People in Kentucky are hard workers who take a deep sense of pride in their labor. This defining feature sets workers here apart from everywhere else. Unfortunately, your work ethic could be putting you at risk for an injury.
Some employers ignore the safety and well-being of their workers, choosing instead to push their most dedicated employees even harder. As someone with a strong work ethic, you probably feel tempted to go along with your boss' requests to just work a little harder and a little longer, even though doing so can lead to overexertion.
What is overexertion?
Overexertion happens when you put too much pressure or strain on your body. It is the second most common injury that people between the ages of 25 and 64 cite when seeking an emergency room. Kids are not immune either, as heavy backpacks and poor posture make overexertion the third most common emergency room injury for children under 10.
In the workplace, overexertion accounts for 35 percent of all injuries. At approximately $15 billion in 2012, these injuries also make up 25 percent of workers' compensation spending -- the largest share. Employers also reported that overexertion is responsible for the greatest number of missed workdays. In 2012, 322,000 had to miss work for overexertion.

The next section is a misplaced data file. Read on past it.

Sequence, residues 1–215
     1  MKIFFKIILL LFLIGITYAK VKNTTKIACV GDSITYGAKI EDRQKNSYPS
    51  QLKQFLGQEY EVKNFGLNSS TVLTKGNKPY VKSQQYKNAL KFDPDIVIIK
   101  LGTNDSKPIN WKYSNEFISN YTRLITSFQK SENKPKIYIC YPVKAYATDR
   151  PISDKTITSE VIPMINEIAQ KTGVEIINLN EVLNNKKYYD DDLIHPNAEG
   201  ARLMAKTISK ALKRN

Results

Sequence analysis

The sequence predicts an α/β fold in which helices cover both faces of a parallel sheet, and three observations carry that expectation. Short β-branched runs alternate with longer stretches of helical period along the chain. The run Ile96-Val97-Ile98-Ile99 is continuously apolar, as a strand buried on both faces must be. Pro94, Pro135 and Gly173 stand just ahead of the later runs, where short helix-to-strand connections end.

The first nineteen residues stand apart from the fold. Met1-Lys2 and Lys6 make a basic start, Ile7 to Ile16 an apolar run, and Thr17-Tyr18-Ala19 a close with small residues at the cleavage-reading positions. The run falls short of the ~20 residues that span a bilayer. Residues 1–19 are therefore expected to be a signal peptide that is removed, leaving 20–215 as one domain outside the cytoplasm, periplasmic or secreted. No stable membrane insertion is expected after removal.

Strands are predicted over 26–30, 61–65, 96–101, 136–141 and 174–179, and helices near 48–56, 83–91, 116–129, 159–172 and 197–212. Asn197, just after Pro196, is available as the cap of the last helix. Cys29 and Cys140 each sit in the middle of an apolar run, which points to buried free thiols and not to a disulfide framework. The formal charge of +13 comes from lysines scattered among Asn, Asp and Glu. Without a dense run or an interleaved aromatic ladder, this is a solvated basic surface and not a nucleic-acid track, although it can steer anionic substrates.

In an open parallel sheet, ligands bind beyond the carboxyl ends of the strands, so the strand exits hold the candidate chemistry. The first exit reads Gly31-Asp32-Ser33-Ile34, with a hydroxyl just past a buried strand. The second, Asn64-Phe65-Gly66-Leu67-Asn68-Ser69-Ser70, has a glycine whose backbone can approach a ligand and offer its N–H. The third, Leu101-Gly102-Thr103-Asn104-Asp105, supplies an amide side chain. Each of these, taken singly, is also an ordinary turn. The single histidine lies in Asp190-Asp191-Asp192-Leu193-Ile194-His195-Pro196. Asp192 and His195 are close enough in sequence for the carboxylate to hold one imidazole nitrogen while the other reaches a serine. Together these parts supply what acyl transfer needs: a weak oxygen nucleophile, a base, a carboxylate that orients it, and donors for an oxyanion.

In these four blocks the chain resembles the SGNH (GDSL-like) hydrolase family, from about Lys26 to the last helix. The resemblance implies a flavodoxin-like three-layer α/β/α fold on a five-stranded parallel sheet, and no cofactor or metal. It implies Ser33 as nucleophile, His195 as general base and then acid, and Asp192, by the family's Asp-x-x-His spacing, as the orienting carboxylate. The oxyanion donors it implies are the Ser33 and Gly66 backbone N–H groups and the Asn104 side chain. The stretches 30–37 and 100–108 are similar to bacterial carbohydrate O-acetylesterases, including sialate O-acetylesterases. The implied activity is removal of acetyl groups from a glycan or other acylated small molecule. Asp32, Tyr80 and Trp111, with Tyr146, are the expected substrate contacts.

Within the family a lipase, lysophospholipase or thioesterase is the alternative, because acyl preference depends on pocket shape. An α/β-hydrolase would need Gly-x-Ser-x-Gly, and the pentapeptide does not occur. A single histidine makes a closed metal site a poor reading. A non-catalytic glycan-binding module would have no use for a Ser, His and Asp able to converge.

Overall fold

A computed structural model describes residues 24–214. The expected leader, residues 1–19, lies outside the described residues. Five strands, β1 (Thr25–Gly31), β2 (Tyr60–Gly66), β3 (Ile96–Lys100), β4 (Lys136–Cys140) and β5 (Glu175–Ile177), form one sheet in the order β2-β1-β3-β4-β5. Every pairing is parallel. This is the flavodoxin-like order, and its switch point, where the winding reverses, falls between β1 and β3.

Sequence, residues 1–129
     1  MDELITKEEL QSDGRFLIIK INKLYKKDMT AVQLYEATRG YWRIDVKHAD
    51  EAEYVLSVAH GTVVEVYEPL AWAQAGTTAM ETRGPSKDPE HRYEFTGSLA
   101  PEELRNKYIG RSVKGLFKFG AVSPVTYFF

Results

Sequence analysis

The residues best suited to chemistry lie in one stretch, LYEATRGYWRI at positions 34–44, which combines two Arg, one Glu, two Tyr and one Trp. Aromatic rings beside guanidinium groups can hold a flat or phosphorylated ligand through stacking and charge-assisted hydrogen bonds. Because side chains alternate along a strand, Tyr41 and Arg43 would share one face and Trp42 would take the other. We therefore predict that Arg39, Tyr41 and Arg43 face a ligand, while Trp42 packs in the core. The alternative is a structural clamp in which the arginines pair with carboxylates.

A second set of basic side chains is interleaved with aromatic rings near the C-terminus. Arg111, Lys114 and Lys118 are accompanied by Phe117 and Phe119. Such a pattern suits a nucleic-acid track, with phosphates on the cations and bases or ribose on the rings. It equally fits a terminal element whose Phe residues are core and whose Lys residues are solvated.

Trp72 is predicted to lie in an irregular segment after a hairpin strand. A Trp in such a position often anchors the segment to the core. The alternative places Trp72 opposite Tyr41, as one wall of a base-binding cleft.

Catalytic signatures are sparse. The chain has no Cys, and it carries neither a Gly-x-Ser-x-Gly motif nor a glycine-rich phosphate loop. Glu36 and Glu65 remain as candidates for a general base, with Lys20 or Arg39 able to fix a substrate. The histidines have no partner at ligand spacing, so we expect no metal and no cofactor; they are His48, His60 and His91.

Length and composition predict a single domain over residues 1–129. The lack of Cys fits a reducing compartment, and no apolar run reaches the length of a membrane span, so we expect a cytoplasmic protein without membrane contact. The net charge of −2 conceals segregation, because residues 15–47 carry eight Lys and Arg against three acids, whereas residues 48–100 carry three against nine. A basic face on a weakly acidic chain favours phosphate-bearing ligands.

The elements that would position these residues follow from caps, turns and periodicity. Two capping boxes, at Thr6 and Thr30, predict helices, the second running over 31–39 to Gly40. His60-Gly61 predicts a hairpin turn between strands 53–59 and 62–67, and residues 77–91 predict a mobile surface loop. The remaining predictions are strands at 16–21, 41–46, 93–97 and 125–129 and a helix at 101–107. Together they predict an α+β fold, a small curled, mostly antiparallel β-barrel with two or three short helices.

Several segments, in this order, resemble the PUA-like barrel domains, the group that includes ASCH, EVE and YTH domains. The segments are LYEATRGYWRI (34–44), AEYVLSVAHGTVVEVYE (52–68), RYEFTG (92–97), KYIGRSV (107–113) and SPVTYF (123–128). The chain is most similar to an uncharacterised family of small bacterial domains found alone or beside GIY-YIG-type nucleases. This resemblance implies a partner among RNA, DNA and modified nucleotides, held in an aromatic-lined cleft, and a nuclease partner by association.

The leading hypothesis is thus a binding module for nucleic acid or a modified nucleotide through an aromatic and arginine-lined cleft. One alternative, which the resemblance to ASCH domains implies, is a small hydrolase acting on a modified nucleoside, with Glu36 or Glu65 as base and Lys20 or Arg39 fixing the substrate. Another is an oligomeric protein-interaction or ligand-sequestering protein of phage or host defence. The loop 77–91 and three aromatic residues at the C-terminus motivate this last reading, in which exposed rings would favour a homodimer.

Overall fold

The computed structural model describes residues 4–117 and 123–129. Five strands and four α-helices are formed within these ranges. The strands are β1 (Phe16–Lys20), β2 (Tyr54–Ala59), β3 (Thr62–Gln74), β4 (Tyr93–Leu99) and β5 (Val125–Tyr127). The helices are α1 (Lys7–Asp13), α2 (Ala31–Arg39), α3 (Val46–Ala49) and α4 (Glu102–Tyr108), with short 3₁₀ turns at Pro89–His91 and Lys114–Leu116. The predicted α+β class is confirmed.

How do I know if I'm at risk?
Anyone can suffer an overexertion injury at any time. According to data from 2014, the following industries have, in descending order, the greatest number of these types of injuries:
- Government agencies
- Education and health services
- Transportation and warehousing
- Wholesale Trade
If your job involves lots of lifting and lowering, pushing and pulling, or reaching and stretching, you are at risk for overexertion. Do you perform tasks with repetitive motions, stand or sit for long periods of time or work in extreme temperatures? These can also lead to overexertion.
It is not all in your head
Overexertion puts a real, physical toll on your body. It can cause muscle injuries, nerve damage and even hurt spinal discs. There are the financial damages you also have to consider. If you cannot work, you are not earning a paycheck.
Workers' compensation benefits are essential for Kentucky workers hurt while on the job. If you suffered an overexertion injury, these benefits can provide temporary financial compensation, including compensation for medical bills and lost wages.